Pandyaraj, another warrior, was killed on the 16th day of War and the Mahabharata text compares his face with the full moon. The same observation also mentions that the face of Pandyaraj was looking beautiful, similar to the moon between (two) Vishakhas57!
Voyager simulation had shown the Moon to be near ‘Punarvasu’ during the 16th day of War. I had employed star Pollux as YogaTara for Punarvasu, which is next to another star Castor and I knew that Pollux and Castor together represented ‘two Punarvasus’. I wondered if Mahabharata author would have referred to Pollux and Castor as two Vishakhas! Although I could not see the Moon between these two stars (Punarvasus) in Voyager simulation, I was still intrigued by mention of ‘Vishakhas’ in an unexpected place, unexpected because nakshatra Vishakha being at least 9 days away from the position of moon on the 16th day of War.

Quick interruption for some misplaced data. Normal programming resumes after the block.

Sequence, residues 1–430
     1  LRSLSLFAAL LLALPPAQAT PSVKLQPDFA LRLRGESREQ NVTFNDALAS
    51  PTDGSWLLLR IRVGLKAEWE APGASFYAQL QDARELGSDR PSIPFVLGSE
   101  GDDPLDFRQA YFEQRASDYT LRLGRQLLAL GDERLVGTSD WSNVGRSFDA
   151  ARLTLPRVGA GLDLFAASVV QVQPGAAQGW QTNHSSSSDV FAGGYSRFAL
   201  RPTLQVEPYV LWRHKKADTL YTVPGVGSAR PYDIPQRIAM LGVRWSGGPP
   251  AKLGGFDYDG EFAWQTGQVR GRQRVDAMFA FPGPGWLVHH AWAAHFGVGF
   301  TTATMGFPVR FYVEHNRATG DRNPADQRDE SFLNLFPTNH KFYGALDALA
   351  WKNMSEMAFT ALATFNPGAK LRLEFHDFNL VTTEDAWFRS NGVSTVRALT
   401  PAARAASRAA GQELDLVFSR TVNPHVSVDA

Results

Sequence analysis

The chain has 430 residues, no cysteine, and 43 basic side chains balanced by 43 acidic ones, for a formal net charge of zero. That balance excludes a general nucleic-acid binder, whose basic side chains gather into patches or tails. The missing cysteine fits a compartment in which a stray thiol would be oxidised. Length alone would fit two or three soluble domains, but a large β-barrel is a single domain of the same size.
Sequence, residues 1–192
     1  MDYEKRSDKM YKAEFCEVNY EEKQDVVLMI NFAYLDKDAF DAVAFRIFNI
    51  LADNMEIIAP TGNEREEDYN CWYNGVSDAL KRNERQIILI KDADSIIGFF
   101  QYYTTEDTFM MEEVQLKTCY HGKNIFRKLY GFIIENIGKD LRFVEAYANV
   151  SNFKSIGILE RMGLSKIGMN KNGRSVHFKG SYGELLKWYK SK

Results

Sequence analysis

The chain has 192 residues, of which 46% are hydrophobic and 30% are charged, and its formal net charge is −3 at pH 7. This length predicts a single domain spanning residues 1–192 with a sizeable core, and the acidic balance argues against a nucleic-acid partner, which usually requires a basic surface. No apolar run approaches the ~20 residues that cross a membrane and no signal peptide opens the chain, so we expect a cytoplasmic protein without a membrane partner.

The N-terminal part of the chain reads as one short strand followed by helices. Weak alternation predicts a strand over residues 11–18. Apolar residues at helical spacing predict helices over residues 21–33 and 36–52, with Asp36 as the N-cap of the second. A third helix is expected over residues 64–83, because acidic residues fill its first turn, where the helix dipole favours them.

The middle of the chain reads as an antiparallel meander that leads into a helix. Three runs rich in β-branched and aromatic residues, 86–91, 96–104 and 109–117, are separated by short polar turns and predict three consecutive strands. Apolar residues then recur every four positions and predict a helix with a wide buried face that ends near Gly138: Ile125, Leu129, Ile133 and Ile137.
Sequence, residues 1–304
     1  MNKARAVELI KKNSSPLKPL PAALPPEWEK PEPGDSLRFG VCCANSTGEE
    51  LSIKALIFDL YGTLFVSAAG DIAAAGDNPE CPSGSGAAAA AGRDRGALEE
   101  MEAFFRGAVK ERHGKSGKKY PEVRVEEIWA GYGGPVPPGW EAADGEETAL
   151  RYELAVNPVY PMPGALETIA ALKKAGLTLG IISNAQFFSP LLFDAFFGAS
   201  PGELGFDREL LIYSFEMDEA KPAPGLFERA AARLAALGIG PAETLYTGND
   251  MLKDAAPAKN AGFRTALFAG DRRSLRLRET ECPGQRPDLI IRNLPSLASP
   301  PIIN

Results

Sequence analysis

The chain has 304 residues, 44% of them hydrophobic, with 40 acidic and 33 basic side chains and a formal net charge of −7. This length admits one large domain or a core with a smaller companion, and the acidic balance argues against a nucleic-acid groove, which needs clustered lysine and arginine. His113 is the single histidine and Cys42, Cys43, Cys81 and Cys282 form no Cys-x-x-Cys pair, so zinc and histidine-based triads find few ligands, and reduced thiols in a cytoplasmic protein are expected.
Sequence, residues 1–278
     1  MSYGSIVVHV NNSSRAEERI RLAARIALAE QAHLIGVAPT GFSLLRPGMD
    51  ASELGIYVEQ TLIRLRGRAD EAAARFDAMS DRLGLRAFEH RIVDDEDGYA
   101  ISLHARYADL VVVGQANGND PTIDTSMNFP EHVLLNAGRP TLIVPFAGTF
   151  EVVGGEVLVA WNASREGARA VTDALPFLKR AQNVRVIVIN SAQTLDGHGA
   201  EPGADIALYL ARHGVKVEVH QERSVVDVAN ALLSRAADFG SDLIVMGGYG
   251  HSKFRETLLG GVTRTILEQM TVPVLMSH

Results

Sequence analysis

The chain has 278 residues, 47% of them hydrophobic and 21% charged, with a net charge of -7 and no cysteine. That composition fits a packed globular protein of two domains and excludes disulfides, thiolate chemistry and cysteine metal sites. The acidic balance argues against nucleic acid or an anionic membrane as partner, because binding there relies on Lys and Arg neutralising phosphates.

I began reading literature on identification of specific stars with nakshatras and found that nakshatra Vishakha is described with two stars and Punarvasu is described sometime with 2 stars and at other times with 4 stars.
When Punarvasus are described as made up of 4 stars, the nakshatra include two stars on each side of the ecliptic. The description of the (full) moon between Vishakhas was for the 16th day of War, only 4 days removed from the description of the full moon near Krittika, which convinced me that the description indeed referred to the moon near Punarvasus. However since nakshatra ‘Vishakha’ also existed (among the list of nakshatras) and was identified with two stars, I did not want to interpret this observation as referring to the full moon near Punarvasus.